Investment opportunities remain despite central banks’ green light for printing, says Psigma’s Becket

Thomas Becket, chief investment officer at Psigma Investment Management, says that despite central bankers giving in to the temptation to print money, there are a number of investment opportunities opening up.

So they came, they saw and they printed. And then they printed some more. Over the last month we have had ultimate confirmation, if we needed it, that the raison d’etre of the modern day central banker is to crank up the printing press and flood the economy and financial markets with dollars, euros, pounds and yen. As we expected, the US Federal Reserve launched QE3, the European Central Bank bowed to pressure and announced plans to buy huge swathes of peripheral European bond markets and even those sleepy fellows at the Bank of Japan decided to ramp up their own asset purchase programme. The Bank of England reignited their printing policy a few months ago and seems set to be doing it for some time to come.

There were some surprises within the various announcements, including the open-ended nature of the US asset purchase programme, with the Federal Reserve openly suggesting that this policy would be pursued until the unemployment rate started to fall from today’s uncomfortable level of over 8%. This is a clear and aggressive change and allied to their pledge to keep interest rates on hold through to at least mid 2015 shows they are fully committed. The Fed seems to believe that 7% unemployment is the right number to target. They have also made it abundantly clear that they are willing to abuse their inflation credentials in order to assume their employment goal.

In Japan it is slightly different, as it normally is. The Bank of Japan has reiterated their determination to hit their target of 1% inflation, as they attempt to move their languishing economy out of its deflationary stranglehold. Being Japan this attempt will probably fail or have negative side effects, but at least they are finally doing something.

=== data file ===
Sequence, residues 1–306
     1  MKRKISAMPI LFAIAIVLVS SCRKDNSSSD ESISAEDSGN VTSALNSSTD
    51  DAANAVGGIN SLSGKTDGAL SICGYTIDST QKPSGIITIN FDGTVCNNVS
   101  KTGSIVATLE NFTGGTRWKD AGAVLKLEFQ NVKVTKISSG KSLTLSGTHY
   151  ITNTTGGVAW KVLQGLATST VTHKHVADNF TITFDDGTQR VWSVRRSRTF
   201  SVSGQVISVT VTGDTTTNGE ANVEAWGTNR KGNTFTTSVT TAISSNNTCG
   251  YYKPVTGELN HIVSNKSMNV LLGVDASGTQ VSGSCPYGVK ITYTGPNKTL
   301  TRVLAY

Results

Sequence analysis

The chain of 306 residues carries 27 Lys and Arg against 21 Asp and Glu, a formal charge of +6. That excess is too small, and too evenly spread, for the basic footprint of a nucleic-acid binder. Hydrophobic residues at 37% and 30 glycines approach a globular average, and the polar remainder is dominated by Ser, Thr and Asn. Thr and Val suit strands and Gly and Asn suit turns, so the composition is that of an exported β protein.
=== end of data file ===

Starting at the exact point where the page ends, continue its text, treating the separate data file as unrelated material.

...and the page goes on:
As has been typical over the last few years, it was the Europeans who grabbed the limelight, with “Super” Mario Draghi’s actions backing up his strong language in July. His policy of printing money to buy the bonds of peripheral European nations who request aid goes quite a long way to support his view that the euro is irreversible. Well, at least for a few months. There are obviously a number of implementation risks, such as the fact that the Spanish still have to go cap in hand to qualify for assistance, but let’s not allow such issues to cloud what has been a relatively calm period in the European crisis. If we wanted to be really critical, we would point out that Draghi’s actions do not solve the long term structural issues that still plague Europe, such as the imbalances between the “core” and the “periphery”. What they do though, is buy precious time for the politicians. The next few months will show whether or not they choose to use the breathing space wisely.


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